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Archive for Japan

Newsline: US Embassy warns Americans to leave Japan or risk long stay as virus cases surge

The U.S. Embassy in Tokyo issued a warning to American citizens Friday that said those with plans to return should do so now or risk being stuck here for an “indefinite period.” (https://www.japantimes.co.jp/news/2020/04/03/national/health-alert-u-s-embassy-tokyo-warns-americans-make-return-arrangements-now-unless-ready-stay/#.XoeQC41RU8o) Singling out Japan’s lack of widespread testing, the embassy gave a sobering assessment of the potential strain the novel coronavirus could place on Japan’s health care system should infections spike. “The Japanese Government’s decision to not test broadly makes it difficult to accurately assess the COVID-19 prevalence rate,” the embassy said on its website, referring to the illness caused by the virus. If U.S. citizens want to return to the United States from Japan they should do so now or risk staying abroad for an “indefinite period,” it said. It also noted that Americans with pre-existing medical conditions may not be able to get the medical care they were used to receiving before the COVID-19 pandemic struck. It also noted that only 11 percent of airlines’ pre-pandemic flight capacity from Japan to the United States remained in operation as of Friday. Since Japan’s entry restrictions will further reduce availability in the near future, getting back for a family emergency in a timely manner could become difficult or even impossible, the embassy said.

Newsline: China to halt short-term visa waivers for Japanese nationals

China will temporarily suspend visa waivers for Japanese nationals intending to stay 15 days or less in the country from March 10 amid the coronavirus outbreak, the Embassy of Japan in China said on Monday in a statement on its website. (https://www.reuters.com/article/health-coronavirus-china-japan/china-to-halt-short-term-visa-waivers-for-japanese-nationals-japanese-government-idUST9N28907I) The visa waivers will remain available for Japanese travelling to China on business or to visit relatives. They will be halted for those going to China for sightseeing, visiting friends or transit purposes, the statement said.

Newsline: US Embassy in Japan refused to let staff get tested for coronavirus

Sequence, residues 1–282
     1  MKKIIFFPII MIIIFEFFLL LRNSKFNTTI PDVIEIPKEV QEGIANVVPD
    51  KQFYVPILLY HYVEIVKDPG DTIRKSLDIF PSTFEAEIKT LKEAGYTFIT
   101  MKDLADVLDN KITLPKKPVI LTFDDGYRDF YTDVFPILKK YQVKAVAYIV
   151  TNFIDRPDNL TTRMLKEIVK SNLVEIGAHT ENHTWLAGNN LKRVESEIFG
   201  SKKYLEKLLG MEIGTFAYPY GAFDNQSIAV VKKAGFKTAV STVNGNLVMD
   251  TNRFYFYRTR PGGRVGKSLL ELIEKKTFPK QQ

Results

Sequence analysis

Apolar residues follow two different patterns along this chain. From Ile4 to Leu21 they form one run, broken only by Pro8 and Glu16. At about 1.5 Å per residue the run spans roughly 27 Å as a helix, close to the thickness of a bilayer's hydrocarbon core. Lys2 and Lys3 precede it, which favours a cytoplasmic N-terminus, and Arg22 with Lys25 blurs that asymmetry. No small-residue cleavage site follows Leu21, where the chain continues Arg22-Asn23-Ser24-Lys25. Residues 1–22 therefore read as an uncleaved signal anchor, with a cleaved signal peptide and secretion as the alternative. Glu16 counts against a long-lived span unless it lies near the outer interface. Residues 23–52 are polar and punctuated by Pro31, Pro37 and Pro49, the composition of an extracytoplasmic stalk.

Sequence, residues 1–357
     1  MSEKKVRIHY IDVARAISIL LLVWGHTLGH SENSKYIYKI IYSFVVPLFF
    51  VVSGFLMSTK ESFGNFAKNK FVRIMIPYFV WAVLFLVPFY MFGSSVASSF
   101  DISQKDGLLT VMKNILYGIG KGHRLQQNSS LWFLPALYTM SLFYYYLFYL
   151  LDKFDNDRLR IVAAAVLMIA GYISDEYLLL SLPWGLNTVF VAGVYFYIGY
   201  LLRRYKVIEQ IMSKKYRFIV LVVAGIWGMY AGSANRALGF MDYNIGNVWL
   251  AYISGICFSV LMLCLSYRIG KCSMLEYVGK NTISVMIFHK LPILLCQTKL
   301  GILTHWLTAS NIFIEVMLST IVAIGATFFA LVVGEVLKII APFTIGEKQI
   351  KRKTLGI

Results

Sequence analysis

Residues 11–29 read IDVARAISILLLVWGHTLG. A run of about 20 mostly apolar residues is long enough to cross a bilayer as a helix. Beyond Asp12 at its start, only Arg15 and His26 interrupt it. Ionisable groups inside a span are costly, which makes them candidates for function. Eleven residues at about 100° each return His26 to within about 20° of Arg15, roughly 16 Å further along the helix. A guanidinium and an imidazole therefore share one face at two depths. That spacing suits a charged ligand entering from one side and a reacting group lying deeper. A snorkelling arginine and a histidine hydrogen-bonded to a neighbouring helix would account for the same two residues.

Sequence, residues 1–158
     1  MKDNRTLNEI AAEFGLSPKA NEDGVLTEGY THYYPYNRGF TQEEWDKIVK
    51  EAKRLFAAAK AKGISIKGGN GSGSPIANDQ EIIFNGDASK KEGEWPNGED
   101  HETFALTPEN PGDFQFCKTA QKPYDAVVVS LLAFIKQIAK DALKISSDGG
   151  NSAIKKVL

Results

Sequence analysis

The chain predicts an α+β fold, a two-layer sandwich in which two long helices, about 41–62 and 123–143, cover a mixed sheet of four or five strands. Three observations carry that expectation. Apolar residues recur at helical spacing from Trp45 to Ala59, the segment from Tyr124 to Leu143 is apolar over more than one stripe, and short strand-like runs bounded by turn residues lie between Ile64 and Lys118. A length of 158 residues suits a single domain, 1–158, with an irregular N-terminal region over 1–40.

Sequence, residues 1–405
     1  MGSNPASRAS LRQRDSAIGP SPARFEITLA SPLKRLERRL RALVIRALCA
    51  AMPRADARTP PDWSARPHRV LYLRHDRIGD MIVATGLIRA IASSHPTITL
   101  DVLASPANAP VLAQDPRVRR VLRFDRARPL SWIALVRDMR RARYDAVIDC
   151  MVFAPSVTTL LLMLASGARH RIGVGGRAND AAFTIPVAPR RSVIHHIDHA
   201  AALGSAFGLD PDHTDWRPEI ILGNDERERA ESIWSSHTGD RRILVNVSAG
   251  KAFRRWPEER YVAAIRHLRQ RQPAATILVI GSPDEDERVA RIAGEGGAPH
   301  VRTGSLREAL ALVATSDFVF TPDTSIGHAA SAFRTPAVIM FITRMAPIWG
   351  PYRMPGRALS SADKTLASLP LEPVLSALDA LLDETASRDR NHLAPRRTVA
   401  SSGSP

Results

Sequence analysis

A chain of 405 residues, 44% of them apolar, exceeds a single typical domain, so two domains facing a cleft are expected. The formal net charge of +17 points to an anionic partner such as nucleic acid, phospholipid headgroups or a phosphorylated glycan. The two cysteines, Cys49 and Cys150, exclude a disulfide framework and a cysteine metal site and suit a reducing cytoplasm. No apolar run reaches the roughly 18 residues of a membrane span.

Staff members at the U.S. Embassy in Tokyo, Japan, were refused tests for COVID-19 after having direct contact with Americans infected with the coronavirus. The staff had been working with Americans who at the time were quarantined on the Diamond Princess cruise ship when they came in contact with dozens of people infected by the contagious virus last month. According to a Wednesday report from the Daily Beast, the workers were not allowed to get tested for the virus unless they showed symptoms of infection. (https://www.washingtonexaminer.com/news/us-embassy-refused-to-let-staff-get-tested-for-coronavirus-after-contact-with-diamond-princess-cruise-ship-passengers) U.S. Embassy Tokyo Deputy Consul General Timothy Smith told staff members that they would not be receiving tests in the embassy and instructed them not to seek testing from outside the facility despite their work with the cruise ship passengers. The vessel carried more than 700 travelers and crew members who tested positive for the illness, including six who later died. American employees got within arm’s length of infected travelers and were not separated by glass or curtains while working with them. Those who then asked to be tested were told they must present symptoms, including a high fever, first. One employee expressed concern, saying, “It makes people nervous to know there may be infected co-workers walking around the embassy. We don’t want to ostracize them, but we keep hearing of people who tested negative later turning out to be infected. These people haven’t even been tested — ever.” The State Department responded to reports about Smith’s decision, saying, “Throughout this crisis, we have continuously worked hard to ensure the safety of our staff, including through training and the provision of appropriate personal protective equipment by U.S. government medical professionals. All health and safety protocols have been strictly followed.” The statement, however, did not directly address whether staff needed to present symptoms of the illness before being tested despite the weekslong incubation period the novel coronavirus can have.